After I filmed the tour video, I headed out and got some help at a ranger station and made a plan. I took the advice given and drove about 2 hours on winding mountain roads in to a canyon where some people lived in caves in the rock 700 years ago. Unfortunately, the hike to see them was merely a little nature walk, which is fine, but after seeing the great mountains up at Emory pass, I really wanted to bite off a big chunk of trail and hit it, up in the pines. I was not really in the right mindset to enjoy the cliff dwellings.
I had bought a map of the trails in the immediate area around the canyon, but it helpfully came with descriptions and elevation charts, none of which showed any good altitude gains, and everything in the area seemed to be long looping canyon walks. I wanted trees! I knew this forest could give them to me. I drove south on forest road 15, where another map showed some camping that I thought would be like the one I'd left the night before.
Sure enough, when I finally got there after many more miles of slow, winding driving, the campsites looked wonderful. But the signs out front said, "closed," and I believe in respecting the areas I'm enjoying, and honoring the rules there. So I drove on, all the way out to Silver City, where I got some fast food and internet access.
I drove still more after dark and arrived at a picnic area back on forest lands. I wasn't supposed to sleep there, I'm sure, but after the forest service had boxed me out of what I wanted, and I was exhausted from the wild goose chase that the day had been, I did it anyway without issue. I'm a pretty low-footprint camper: no tent, no fires, and that night not even any cooking. I just need a safe place to park.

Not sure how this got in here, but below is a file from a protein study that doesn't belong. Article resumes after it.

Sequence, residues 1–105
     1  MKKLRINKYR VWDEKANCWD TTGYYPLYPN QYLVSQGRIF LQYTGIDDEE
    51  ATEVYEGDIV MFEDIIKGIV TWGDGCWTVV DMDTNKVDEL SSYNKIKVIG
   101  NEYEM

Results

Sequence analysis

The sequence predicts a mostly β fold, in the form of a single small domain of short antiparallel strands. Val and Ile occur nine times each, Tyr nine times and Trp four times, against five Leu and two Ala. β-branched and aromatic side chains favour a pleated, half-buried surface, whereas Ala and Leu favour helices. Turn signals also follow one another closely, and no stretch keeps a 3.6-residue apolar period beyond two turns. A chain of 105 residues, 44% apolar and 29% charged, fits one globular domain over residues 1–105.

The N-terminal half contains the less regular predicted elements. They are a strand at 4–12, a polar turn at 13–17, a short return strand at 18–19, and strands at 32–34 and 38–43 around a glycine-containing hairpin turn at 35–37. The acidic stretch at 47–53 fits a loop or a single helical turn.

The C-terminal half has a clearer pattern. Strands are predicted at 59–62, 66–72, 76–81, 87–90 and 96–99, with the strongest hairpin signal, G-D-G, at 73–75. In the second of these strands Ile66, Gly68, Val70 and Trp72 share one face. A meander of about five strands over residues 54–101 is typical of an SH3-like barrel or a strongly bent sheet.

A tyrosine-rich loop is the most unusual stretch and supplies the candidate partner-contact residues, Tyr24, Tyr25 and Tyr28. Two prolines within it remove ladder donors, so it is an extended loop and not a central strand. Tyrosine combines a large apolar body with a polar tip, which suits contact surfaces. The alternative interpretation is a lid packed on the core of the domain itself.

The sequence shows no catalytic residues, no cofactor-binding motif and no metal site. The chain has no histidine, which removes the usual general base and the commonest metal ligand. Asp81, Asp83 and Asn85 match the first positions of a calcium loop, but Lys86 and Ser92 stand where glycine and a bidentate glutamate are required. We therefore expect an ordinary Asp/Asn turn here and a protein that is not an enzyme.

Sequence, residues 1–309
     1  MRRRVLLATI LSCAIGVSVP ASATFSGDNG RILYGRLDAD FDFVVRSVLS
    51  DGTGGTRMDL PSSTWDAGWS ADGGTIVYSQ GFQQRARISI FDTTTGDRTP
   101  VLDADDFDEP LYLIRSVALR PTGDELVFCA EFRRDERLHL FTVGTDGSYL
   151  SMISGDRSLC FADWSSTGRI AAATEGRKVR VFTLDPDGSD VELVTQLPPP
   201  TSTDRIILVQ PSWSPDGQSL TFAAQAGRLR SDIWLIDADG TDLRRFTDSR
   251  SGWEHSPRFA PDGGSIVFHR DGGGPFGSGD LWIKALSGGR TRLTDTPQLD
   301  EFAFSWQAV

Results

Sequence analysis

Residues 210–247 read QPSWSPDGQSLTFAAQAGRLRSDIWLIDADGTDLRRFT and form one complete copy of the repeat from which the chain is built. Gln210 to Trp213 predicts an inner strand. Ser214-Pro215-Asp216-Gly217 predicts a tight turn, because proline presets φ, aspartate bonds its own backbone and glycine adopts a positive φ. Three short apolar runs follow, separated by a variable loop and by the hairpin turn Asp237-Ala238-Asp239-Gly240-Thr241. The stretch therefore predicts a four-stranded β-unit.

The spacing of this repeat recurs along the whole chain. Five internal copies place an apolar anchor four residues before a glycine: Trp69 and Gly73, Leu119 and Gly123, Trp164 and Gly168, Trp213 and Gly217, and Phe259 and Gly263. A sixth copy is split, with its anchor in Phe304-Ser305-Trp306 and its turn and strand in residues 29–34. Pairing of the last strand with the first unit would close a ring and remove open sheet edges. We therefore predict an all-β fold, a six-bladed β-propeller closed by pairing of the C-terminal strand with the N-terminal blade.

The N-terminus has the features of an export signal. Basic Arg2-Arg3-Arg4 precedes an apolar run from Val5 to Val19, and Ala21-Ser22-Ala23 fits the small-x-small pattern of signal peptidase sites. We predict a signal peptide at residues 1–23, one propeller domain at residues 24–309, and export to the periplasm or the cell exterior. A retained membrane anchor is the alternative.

When I awoke, I saw a wonderful vista ahead of me, with just the sort of mountains I wanted. And the signage made a big proclamation about them being open wilderness, untouched by chainsaws even to make trails. Sounds great! Sign me up. I headed to the ranger station nearby to make a detailed itinerary.
It was closed, so I walked over to the nearby board of notices, only to discover that the entire western part of the national forest is closed to hikers for the rest of the year. It has to do with fire, although I don't know if they're trying to prevent new ones in an area that hasn't burned and has a lot of dry fuel, or if it's a delicate area recovering after a recent wildfire. Oh well.
There was an outlet at the sign board, so partly out of need and partly out of frustration, I confess, I gave myself a haircut and beard trim right there. I'd challenge anyone to find evidence of it by now, on Monday morning.
I drove on for another hour or so, finding a campground named Cottonwood in the adjacent Apache National Forest. It was free, and I was able to hike a fire/service road that did in fact go more or less straight up out of the (pine forested) canyon. I don't envy whomever has driven that! So I did sort of get my wish; I hiked up to some power lines and bushwhacked a little afterwards. It took about 2 hours.
The next morning after breakfast, I began to adjust for one of my list of annoyances: I immersed myself in guitar practice and songwriting for a solid 4 hours. It was heavenly.
I drove on in the mid afternoon, and pulled into town where I rented a motel room for the night, and have been making a flurry of updates and posts, as you've probably seen if you're reading this. It was pretty nice to sleep in a bed for the first time in so long.
And now, exactly two months into the trip, the blog is up to date. I will try to keep it more or less current the rest of the way out, though naturally it will be sporadic as I gain and lose internet access.
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